Sopa de Abobora – Pumpkin Soup
- A 2lb or so Sugar Pumpkin (or canned, if out of season)
- Large Zucchini
- Fresh Parsley
- Ripe Tomato
- Large Carrot
- Large Onion
- 6 Garlic Cloves
Preparation: Peel the pumpkin and carrot and cut into cubes, slice the zucchini, and add all to a large pot of water with salt (to taste). Peel the onion, dice and add to the pot. Peel the garlic and add whole to the pot. Add the diced tomato and torn parsley. Bring to boil, then when it’s all cooked, pierce with fork to check, reduce to a simmer, and add water if too thick, and allow to boil again on low heat. Then lightly puree, easiest is to use a hand blender. Check for salt, add a strand of high-quality olive oil and serve. NOTE: Want to spice it up? A couple of minutes before turning the heat off add small or minced shrimp.
Pair with: with a Malvasia Fina varietal white or with a Gouveio blend. The hints of molasses and nutmeg in the Malvasia are naturals with pumpkin. Gouveio adds body and maturity, which complement the smooth, meaty pumpkin puree. Let it sit for a couple of minutes before serving with the soup, which will pair better since it’s a hot liquid and allows these varietals’ rich flavors to open up. Visit princetoncorkscrew.com or take a trip to LBV Cellars, Newark, NJ, for these wines and those that follow.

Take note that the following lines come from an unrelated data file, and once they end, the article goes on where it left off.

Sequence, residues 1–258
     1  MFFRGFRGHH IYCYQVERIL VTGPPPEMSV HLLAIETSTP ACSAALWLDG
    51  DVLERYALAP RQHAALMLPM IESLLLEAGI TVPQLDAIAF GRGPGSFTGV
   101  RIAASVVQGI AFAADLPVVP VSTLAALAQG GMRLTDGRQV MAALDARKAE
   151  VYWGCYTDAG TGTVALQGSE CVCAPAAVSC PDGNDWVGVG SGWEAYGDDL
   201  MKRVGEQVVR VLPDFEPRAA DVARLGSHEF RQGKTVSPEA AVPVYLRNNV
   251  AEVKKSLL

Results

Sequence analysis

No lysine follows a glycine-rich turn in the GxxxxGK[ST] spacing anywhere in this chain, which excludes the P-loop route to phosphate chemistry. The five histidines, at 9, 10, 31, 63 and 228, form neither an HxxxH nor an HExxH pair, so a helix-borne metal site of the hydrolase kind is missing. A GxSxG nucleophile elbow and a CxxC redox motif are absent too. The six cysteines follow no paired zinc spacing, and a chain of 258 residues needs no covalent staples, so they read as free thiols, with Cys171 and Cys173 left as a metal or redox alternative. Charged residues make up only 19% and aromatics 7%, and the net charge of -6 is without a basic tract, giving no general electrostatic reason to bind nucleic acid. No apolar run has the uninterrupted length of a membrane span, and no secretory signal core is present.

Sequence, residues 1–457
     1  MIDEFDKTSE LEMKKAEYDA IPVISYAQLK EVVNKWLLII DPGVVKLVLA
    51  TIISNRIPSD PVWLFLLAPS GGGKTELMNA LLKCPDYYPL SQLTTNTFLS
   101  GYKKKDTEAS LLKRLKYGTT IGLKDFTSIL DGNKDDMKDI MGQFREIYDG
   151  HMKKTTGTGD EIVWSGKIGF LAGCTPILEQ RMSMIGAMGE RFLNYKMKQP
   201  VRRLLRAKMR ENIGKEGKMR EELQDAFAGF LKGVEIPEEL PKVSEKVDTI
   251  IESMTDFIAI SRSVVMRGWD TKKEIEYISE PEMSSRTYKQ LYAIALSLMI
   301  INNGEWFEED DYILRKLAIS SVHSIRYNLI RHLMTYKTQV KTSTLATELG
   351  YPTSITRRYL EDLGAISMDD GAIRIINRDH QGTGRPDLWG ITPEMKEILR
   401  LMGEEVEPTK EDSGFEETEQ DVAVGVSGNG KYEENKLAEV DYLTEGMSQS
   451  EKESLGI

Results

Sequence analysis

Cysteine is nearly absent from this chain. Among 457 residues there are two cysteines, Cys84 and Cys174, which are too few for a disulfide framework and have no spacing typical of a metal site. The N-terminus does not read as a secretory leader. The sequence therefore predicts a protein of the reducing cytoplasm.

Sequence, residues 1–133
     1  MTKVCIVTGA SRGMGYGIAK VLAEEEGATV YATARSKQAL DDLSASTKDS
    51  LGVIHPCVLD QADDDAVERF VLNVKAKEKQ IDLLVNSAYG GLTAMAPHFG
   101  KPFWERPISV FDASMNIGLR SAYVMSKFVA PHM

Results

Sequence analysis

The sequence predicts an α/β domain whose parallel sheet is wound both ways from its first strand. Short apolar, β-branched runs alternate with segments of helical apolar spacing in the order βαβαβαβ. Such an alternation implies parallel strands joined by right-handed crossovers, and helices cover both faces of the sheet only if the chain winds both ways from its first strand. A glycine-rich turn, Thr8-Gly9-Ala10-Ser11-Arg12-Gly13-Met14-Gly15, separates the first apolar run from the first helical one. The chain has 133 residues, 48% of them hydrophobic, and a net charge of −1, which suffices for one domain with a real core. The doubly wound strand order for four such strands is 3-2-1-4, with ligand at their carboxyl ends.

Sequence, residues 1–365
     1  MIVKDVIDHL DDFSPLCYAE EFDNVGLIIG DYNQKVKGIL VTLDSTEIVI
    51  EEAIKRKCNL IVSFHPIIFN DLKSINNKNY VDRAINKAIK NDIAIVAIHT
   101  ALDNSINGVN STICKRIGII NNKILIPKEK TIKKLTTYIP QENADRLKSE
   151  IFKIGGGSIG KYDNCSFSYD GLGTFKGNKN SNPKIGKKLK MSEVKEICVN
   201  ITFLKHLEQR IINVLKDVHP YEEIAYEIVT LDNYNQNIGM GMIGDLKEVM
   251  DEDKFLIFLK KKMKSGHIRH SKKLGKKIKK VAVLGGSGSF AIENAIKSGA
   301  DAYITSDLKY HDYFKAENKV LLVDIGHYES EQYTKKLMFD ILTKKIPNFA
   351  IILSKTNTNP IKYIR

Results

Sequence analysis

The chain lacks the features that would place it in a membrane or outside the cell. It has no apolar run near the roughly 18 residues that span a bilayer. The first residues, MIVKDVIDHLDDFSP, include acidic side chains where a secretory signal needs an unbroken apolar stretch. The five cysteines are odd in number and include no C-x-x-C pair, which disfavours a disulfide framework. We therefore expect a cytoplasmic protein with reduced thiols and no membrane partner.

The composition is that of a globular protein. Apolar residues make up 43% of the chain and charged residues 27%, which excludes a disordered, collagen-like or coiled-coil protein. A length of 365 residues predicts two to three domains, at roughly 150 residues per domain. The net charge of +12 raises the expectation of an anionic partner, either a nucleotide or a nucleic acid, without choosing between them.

Sopa de Feijao Verde –String Bean Soup
- About 2lbs of String Beans
- 2 Carrots
- 4 Potatoes
- Large Onion
- Ripe Tomato
- 1 Zucchini
Preparation: Add diced carrot, zucchini, tomato and leeks to a large pot with water and salt (to taste). Boil and when all is cooked, reduce heat and puree. Then, add the string beans (cut diagonally about three times, like penne pasta) and cook in low heat for about 10 minutes. Add a couple of strings of olive oil and torn mint, or if you can find the Segurelha herb (savory), add that instead. NOTE: For an even heartier version, boil some elbow pasta on the side and add to the bottom of the bowl before ladling in the soup.